The country has witnessed countless strikes which continue to paralyse the vital education, transport and health sectors. Students of Algeria’s more prestigious schools have been particularly present to demand reform to the entire education sector. The despair of many graduates in the country today lies in their inability to find adequate post-university employment. They have called on authorities to re-evaluate the entire sector and give greater meaning to their diplomas. What’s more, the recent disbanding of a close proximity paramilitary unit caused an important protest in the capital that police forces were unable to prevent. Though these protests have no precise political agenda, they are nonetheless symptomatic of a tense socio-economic climate. Voices have risen to call for a change they have nevertheless failed to articulate adequately.

In this context, the Algerian press is ripe with rumours of an initiative by Algerian president Abdelaziz Bouteflika to radically revise the country’s constitution to move towards a form of regime reform. Though very little has filtered as to the goals or practical implications this change might carry, columnists seem to believe that the initiative would allow for a softer transition of power giving greater input to political parties in a new parliament as well as a renewed role for civil society actors.

What the president and the establishment will certainly face in the coming months, should these rumours prove true, is the daunting necessity of revitalising an illegitimate domestic political class/system. Another pressing mission ahead is that of establishing a real dialogue with a nation’s drifting youth. A consensus seems to emerge that any foundation for dialogue should revolve around the primary belief and materialisation for the participation and respect of Algeria’s youth in all sectors of public life.

In a nation where the vast majority of the population is considered ‘young’, it seems all too logical that any public debate around anything from economic strategies to media freedoms must go come from young people and be implemented by them. Should these rumour prove true then we might finally witness the meeting of important expectations and, with it, certainly the birth a new model for internal reform in the Arab world.

Imad Mesdoua writes weekly on African and Maghreb affairs for Ceasefire. His interests include politics, current affairs and Real Madrid FC.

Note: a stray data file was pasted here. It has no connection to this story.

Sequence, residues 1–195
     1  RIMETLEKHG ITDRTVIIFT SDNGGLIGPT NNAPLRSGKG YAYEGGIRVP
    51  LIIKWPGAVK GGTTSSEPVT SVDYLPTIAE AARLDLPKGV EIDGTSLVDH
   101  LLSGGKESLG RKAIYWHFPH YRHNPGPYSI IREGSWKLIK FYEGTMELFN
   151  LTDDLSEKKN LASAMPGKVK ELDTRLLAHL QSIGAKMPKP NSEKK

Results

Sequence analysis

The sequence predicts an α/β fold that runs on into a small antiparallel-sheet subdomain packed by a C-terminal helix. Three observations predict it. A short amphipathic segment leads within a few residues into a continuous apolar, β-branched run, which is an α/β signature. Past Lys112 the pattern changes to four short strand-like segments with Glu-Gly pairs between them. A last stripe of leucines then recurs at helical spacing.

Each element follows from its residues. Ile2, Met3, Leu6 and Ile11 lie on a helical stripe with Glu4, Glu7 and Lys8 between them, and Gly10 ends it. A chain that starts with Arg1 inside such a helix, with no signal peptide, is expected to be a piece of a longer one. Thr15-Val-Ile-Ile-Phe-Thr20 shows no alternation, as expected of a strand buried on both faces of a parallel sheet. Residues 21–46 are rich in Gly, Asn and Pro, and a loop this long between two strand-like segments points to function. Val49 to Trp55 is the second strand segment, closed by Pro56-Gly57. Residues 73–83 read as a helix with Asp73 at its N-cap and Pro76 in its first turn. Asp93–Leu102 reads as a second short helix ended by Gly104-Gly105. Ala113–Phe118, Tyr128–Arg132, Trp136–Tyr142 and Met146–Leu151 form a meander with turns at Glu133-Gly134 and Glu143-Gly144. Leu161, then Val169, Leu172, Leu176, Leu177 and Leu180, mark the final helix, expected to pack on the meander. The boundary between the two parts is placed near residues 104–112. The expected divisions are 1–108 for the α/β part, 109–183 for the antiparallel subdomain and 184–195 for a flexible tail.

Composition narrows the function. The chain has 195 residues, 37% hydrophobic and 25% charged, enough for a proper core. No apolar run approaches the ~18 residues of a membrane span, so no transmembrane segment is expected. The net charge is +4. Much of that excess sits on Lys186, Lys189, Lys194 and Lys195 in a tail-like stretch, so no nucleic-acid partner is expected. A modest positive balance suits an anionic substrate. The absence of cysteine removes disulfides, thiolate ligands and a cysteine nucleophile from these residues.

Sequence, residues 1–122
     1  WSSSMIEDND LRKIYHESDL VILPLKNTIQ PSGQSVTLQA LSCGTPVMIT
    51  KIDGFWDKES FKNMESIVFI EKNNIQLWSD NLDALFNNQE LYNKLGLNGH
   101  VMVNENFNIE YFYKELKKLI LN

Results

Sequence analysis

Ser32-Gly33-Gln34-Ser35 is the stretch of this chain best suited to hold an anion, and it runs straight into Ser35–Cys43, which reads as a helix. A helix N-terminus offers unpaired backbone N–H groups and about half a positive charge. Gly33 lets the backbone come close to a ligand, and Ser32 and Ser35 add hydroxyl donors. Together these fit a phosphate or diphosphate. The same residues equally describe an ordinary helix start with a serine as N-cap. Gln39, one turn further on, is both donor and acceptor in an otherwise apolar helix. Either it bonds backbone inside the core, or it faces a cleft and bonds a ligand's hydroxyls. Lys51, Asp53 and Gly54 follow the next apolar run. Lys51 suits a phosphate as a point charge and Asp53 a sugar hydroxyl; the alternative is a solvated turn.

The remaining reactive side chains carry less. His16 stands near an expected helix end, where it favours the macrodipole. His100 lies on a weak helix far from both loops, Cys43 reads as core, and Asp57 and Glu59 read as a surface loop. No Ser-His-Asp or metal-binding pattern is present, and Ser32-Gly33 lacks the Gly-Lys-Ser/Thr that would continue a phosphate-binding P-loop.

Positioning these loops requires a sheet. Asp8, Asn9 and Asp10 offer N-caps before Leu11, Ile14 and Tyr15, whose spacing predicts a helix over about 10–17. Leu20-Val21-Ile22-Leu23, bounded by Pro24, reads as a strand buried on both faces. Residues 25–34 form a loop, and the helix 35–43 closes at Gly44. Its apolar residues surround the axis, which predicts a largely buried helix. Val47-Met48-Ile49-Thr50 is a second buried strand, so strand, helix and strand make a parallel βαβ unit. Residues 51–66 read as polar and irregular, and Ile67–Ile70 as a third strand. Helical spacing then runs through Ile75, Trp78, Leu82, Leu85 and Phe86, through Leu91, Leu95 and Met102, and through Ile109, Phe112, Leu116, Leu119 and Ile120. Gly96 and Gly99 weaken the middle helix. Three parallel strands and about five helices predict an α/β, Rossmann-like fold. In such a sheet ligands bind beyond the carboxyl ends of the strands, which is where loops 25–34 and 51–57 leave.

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ML
Mar 16, 2011 20:41

interesting analysis; got me to look at the recent crisis from a different prospective

MnarviDZ
Mar 19, 2011 15:30

Interesting indeed. But I have yet to understand why you say, “recent events have shown however that Algerian society is at a sort of boiling point”. I cannot think of a single week in the past three to four years without a demonstration, a strike or a riot somewhere in the country. I mean the Algerian society has always been at a boiling point. So what’s the difference today? Would it be the apparently “successful” (to be confirmed in the future) revolts/uprisings/revolutions in two Arab countries, and the few Algerian “opposition” members trying to surf the wave?

I am of those who think the situation in Algeria is not improving, but I do not see anything different coming from the populations compared to the past years. If Bouteflika and the ruling system decide to make some changes, I believe it would be only to suit the “international community” (read the West) and save their reign for some more time.

As to the youths, I still remember Zeroual’s speeches and how he addressed “chabiba” in most of them… So many betrayed promises.

nadia
Mar 21, 2011 8:09

Now that libya is attaqued by the so called “”collation” ,my question is do we want democracy and freedom or new milatary basis and a new form of colonialism in our region?
the arab league is as usual a useless institution that is never capable to take the right decision ,it was a case a few years ago for Irak and now for libya .
we all agree that civilians need to be protected but are we protecting those in Benghazi and kelling those in Tripoli , are the westerns protecting civiliand or their intersts ( gaz and oil) ?
what is amazing those days is to see the double standar applicable by those that pretend to be the defenders of human rights like France and UK.and the birth of a new international law based on force and militaery intervention when it suits the west.
I believe that we are witnessing a new shaping in the map of the middle East and north africa in the name of democray.